The constellation Gemini has been known as the Twins from antiquity. Representing the twins are the bright stars Castor and Pollux which lie just 4° apart (the width of three fingers).
Are Castor and Pollux really twin stars? Even though they have similar brightness, if you look closely you'll see that they are quite different. Pollux is much more yellow than Castor. And Castor isn't a single star at all. A telescope reveals that it is actually three stars very close to each other.
Two popular targets in Gemini include the Eskimo Nebula and the M35 cluster. Use the links below to explore these targets further.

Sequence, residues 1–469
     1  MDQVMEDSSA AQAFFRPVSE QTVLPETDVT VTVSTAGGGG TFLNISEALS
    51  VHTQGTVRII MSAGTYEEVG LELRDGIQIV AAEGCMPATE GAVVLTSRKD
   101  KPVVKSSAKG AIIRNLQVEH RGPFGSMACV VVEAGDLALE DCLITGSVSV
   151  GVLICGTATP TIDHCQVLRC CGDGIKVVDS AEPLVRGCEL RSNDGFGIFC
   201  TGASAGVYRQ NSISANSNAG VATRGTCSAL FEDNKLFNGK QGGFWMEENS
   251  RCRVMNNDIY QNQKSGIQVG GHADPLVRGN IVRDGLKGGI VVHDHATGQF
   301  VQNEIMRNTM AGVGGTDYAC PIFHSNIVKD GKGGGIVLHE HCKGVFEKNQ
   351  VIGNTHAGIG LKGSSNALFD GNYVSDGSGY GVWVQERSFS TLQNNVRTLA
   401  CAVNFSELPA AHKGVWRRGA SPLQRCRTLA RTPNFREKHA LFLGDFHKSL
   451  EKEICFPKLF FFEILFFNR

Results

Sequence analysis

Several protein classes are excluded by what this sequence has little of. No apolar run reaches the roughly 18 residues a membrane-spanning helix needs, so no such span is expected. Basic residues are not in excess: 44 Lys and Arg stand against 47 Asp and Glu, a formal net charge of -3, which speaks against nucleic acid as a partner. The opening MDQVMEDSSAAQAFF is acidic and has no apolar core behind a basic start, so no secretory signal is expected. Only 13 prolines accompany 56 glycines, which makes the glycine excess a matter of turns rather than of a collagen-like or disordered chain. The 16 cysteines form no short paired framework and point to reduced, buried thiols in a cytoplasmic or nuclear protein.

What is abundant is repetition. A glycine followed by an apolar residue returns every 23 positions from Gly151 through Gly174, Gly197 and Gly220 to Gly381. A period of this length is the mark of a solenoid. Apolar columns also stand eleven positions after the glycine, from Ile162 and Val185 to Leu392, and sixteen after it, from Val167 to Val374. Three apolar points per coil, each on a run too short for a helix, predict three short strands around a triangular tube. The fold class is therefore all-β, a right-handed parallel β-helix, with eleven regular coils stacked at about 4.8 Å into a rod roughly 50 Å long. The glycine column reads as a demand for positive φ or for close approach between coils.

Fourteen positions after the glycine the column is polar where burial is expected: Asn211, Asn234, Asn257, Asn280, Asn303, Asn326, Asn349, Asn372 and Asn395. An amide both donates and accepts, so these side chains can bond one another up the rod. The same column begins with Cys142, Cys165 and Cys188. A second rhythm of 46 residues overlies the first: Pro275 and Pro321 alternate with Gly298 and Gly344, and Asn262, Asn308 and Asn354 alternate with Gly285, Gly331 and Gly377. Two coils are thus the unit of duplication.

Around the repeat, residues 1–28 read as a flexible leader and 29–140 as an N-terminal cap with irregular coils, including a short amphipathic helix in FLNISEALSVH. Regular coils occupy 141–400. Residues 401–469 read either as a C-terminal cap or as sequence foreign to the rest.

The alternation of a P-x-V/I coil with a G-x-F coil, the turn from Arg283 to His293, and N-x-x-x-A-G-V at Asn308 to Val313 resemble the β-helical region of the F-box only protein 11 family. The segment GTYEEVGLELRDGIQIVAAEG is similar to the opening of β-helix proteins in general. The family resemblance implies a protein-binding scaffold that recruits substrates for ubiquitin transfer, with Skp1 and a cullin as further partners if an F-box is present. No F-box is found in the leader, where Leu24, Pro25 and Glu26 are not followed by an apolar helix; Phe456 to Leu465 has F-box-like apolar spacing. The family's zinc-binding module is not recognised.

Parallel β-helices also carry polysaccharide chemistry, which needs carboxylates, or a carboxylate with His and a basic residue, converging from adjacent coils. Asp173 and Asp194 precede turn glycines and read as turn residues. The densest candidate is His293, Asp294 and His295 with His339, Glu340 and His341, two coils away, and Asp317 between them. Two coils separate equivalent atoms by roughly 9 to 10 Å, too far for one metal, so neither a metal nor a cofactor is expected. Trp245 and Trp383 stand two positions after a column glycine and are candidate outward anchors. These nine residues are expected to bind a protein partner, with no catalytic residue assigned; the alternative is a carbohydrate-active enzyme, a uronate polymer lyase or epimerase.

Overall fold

Viewing Gemini, the Twins
Late December to early April
Gemini is E of Orion. So find red Betelgeuse in Orion and look E for Castor and Pollux. For more help use the 'Constellations of Winter' link below.
Use the map above to find the main stars of Gemini. Try drawing the constellation with stars, lines and labels.
With binoculars many more stars will be visible. M35 Cluster is also visible. See the link below. Take time to explore.
Examine Castor using increasing magnification until you can split it into three separate stars. The M35 Cluster is grand. The Eskimo Nebula is challenging. See the links below.